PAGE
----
Employed foreign citizens are more likely than nationals to be over-qualified for their job: the EU-27 over-qualification rate in 2019 was 44% for non-EU citizens and 33% for citizens of other EU Member States compared with 21% for nationals.
The highest share of over-qualified non-EU nationals was recorded in Greece (78%), followed by Italy (68%) and Spain (62%). For citizens of other EU Member States, the highest shares of over-qualified workers were recorded in Italy, Spain and Cyprus (each 50%). Across the EU Member States, the share of over-qualified employed national citizens was the highest in 2019 in Spain (35%), followed by Greece (32%) and Cyprus (31%).
Luxembourg reported the lowest over-qualification rates overall in 2019, regardless of the citizenship of the workers; with 4% for over-qualified nationals, 5% for citizens of other EU Member States and 8% for non-EU citizens.
The largest differences between over-qualification rates for non-EU citizens and national citizens were recorded in Italy (49.6 percentage points) and Greece (45.3 percentage points). By contrast, the gap between these two rates was less than 5 percentage points in Luxembourg, Slovenia and Ireland. Lithuania was also the only Member State where the over-qualification rate for non-EU citizens was lower than the rate for nationals.
There was generally a smaller difference between over-qualification rates for citizens of other EU Member States and those for nationals. The largest gap among the Member States for which data are available was recorded in Italy (32.4 percentage points), followed by Cyprus (19.2 percentage points) and Ireland (18.7 percentage points). By contrast, the smallest gaps, less than 2 percentage points were observed in France, Belgium and Luxembourg. Only in Czechia was the over-qualification rate for citizens of other EU Member States lower than the rate for nationals.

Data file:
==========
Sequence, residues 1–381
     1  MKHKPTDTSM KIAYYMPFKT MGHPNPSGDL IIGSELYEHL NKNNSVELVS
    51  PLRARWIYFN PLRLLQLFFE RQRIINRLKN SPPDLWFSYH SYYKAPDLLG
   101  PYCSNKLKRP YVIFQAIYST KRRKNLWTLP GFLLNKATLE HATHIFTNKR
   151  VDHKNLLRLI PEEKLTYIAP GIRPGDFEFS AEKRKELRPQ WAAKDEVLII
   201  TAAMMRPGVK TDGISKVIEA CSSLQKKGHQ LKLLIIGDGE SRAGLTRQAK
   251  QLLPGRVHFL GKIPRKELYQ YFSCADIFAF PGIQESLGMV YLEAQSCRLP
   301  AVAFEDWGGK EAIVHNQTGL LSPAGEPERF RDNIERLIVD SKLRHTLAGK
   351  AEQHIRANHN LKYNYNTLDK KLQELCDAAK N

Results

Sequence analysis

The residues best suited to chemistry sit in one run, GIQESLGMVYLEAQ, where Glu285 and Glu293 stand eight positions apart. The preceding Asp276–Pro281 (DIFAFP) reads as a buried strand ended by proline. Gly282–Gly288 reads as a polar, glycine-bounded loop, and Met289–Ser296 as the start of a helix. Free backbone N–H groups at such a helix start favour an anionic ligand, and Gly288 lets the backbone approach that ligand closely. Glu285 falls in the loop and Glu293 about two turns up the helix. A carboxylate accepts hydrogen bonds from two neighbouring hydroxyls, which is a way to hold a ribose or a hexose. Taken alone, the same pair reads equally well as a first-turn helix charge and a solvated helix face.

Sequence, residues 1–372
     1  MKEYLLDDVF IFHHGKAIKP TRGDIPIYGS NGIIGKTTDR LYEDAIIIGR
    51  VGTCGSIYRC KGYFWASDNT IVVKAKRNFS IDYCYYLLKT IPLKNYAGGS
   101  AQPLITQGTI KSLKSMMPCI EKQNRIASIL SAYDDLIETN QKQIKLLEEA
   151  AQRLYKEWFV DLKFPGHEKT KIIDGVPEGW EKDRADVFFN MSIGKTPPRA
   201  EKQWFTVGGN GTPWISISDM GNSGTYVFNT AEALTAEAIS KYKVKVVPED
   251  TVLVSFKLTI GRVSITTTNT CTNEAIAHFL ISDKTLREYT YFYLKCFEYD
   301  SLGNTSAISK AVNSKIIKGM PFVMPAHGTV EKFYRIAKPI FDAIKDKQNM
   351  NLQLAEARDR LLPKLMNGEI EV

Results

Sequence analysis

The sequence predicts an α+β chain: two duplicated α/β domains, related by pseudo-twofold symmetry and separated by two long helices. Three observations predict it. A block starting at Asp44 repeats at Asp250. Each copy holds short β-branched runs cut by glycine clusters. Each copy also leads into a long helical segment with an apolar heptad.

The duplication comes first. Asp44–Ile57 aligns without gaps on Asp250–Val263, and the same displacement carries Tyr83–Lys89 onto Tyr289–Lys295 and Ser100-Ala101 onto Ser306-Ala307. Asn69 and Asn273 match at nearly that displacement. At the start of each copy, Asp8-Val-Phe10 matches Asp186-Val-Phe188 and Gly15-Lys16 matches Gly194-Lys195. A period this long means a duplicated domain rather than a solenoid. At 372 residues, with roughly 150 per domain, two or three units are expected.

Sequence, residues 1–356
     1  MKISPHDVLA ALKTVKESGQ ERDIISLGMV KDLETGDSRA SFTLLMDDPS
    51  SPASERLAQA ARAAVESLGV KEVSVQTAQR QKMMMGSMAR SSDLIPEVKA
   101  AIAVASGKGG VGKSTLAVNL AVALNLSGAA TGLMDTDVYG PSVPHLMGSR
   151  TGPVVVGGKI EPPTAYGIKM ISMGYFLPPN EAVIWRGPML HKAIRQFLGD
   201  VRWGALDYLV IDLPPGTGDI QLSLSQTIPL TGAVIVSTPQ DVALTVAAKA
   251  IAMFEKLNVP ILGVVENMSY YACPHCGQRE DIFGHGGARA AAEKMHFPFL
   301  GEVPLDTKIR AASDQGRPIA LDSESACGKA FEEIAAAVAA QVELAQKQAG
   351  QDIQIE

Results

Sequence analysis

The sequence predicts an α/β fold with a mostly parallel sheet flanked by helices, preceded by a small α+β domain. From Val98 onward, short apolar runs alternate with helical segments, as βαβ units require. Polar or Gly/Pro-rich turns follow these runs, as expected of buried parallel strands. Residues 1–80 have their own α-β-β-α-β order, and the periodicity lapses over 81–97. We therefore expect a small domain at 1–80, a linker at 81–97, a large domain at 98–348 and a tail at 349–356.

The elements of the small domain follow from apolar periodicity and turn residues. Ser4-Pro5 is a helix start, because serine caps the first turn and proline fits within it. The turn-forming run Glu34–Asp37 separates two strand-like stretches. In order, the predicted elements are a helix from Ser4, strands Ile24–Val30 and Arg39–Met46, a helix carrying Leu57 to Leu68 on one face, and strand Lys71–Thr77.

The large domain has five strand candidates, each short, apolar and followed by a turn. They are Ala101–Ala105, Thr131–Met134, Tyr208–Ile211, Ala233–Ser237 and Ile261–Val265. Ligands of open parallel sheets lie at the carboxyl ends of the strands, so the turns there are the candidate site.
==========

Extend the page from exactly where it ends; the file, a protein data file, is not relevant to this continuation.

Women more likely to be over-qualified than men
A comparison of over-qualification rates between the sexes shows that in 2019, women in the EU-27 were more likely to be over-qualified than men, irrespective of their citizenship.
Women’s over-qualification rates among national citizens were 1.6 percentage points higher than those for men; the gap between the sexes was wider for citizens of other EU Member States and for non-EU citizens (4.9 percentage points and 6.9 percentage points respectively).
Young nationals more over-qualified than older workers
As regards the comparison by age group, in 2019 in the EU-27, over-qualification rates for nationals and citizens of other EU Member States were generally higher among younger (aged 20-34 years) rather than older (aged 35-64 years) people, whereas the situation for non-EU citizens was reversed.
The over-qualification rate for younger nationals was 5.4 percentage points higher than the corresponding rate for older nationals. For citizens of other EU Member States this gap was smaller at 1.4 percentage points. By contrast, the over-qualification rate for non-EU citizens was higher among older people than it was for younger people, a difference of 7.9 percentage points.
For more information, you can read our Statistics Explained article Migrant integration statistics - over-qualification.
- Over-qualified workers are defined here as: those with a tertiary level of educational attainment (as defined by the international standard classification of education (ISCED) levels 5-8) working in low- or medium-skilled occupations (as defined by the international standard classification of occupations (ISCO) groups 4-9) for which a tertiary level of educational attainment is not required.
- The data presented in this news item were derived from the EU’s labour force survey (LFS) – ad-hoc extraction.
- The European Union (EU) includes 27 EU Member States. The United Kingdom left the European Union on 31 January 2020. Further information is published here.
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